Cherry Sweet

I bought sweet cherries at the market recently, at S11’s insistence. She ate most of them, but we bought more, and a cherry pitter to go with them. The cherry pitter is a big deal because I am not one for single-use gadgets in the kitchen. I shun such frippery with zealous disdain. However, after manually removing pits from a few dozen cherries for a fruit salad, I hastily pulled up mobile Amazon from the kitchen and ordered one tout suite. Hooray for the single-use cherry pitter gadget.

Our local discount store had cherries on sale for $1.99 a pound, which- after paying $5.99 a pound at another store- is an enormous bargain. Accordingly, I bought an enormous amount… about 10 pounds’ worth.

Of course, we ate a couple of pounds right off the bat. Hey, we had to test out the cherry pitter.

20150626_110546This pitter is a relatively inexpensive model by OXO, which can be found on Amazon for about $13. I like it because the shield minimizes splattering as the pit is pushed through. (It’s also removable for cleaning.) I also like that the pit drops out on its own, so you don’t have an extra movement to unload it. That’s important when you’re processing a lot of cherries! It pits correctly about 80- 85% of the time (I did have a few that needed extra “help”, especially if the cherry was overly ripe), which seemed like a pretty good percentage considering what a pain cherries can be to process.

Enough about the pitter. I have several projects in mind for these cherries over the next few days.


I have already turned a pound of them into Candied Sweet Cherries, because I am on a mission* to make all the ice cream recipes in David Lebovitz’s The Perfect Scoop, and those are a main ingredient in Toasted Almond and Candied Cherry Ice Cream (page 60)!.


I have also turned three pounds into sweet cherry jam. This lovely jam, courtesy of PickYourOwn (one of my go-to canning resource websites) uses low-no-sugar pectin and 2.5 cups of sugar. I included the optional lemon juice for a bit of acidity since these are destined for holiday gifts and I don’t want to give botulism to my friends and loved ones. That’s worse than coal.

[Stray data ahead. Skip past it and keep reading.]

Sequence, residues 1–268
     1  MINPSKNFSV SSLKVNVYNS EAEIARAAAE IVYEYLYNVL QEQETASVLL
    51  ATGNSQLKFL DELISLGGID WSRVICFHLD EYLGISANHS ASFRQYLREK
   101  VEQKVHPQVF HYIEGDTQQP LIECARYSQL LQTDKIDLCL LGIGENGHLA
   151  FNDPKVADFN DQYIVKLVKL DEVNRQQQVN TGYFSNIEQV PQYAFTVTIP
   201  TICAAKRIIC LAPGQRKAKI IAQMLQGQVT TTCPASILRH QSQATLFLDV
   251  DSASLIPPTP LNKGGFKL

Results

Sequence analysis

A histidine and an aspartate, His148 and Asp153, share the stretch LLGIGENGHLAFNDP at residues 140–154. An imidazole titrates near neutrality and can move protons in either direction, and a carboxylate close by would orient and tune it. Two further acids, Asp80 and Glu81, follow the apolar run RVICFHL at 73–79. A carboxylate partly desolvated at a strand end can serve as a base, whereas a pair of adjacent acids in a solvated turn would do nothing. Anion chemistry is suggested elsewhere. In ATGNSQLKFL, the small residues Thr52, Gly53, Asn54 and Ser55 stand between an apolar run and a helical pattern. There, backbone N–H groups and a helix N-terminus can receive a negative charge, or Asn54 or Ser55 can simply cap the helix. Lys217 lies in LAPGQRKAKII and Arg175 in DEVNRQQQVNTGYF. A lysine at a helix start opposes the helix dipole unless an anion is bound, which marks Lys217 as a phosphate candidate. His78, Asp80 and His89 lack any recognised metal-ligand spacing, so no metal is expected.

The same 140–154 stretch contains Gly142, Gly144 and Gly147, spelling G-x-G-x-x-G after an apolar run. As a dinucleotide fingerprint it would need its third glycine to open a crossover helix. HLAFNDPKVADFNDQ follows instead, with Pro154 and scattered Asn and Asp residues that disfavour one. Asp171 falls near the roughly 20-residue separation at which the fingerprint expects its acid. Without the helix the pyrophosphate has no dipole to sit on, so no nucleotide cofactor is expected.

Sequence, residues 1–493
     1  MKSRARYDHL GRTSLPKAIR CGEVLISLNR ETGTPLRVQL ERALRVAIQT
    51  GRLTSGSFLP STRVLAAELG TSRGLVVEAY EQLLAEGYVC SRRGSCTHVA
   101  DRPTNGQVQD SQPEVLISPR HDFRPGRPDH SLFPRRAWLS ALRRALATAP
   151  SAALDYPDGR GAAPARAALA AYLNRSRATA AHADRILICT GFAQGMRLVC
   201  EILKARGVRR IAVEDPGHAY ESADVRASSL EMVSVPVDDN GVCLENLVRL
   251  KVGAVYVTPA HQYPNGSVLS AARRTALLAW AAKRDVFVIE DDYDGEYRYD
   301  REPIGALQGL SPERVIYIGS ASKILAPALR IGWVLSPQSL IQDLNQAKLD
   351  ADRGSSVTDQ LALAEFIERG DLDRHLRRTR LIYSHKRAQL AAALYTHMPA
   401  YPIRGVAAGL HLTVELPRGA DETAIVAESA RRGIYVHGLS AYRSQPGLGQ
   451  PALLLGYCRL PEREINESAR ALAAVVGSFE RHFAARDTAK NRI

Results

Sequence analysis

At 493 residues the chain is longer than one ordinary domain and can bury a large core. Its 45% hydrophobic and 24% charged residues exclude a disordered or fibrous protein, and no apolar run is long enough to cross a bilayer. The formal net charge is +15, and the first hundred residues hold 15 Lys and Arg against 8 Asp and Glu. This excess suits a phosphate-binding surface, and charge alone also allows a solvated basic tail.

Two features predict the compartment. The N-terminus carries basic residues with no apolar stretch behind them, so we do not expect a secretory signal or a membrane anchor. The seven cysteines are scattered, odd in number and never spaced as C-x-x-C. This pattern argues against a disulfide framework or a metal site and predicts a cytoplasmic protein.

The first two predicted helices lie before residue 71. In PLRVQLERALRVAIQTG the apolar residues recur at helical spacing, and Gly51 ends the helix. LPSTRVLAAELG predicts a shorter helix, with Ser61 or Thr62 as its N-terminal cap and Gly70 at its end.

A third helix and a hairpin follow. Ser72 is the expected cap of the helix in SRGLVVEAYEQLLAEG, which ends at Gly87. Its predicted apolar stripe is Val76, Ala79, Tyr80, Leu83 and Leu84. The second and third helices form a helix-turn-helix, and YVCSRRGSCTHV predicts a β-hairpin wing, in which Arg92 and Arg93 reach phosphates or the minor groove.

Hey, do you see my new jam pot there? I read about it on another canning blog, though sadly I can’t tell you which one (Food In Jars, perhaps?); and since I’m highly suggestible interested in outfitting my canning kit with quality equipment, I gave it a go. It was expensive, but I make a lot of jam every year and I think it will be worth the extra price in the long run. Silly thing, but my favorite feature is the graduation markings inside the pot. I hate guessing how much product I will actually end up with, and found the yield markings to be surprisingly accurate (for this first batch, anyway).


Tomorrow, I plan to make a different cherry jam recipe, one that uses tart apples instead of powdered pectin. I will probably turn the rest of the cherry haul into either frozen cherries for snacking and baking, or canned ones in syrup for winter fruit.

*Just because a mission seems nearly impossible does not mean it’s not worth attempting!


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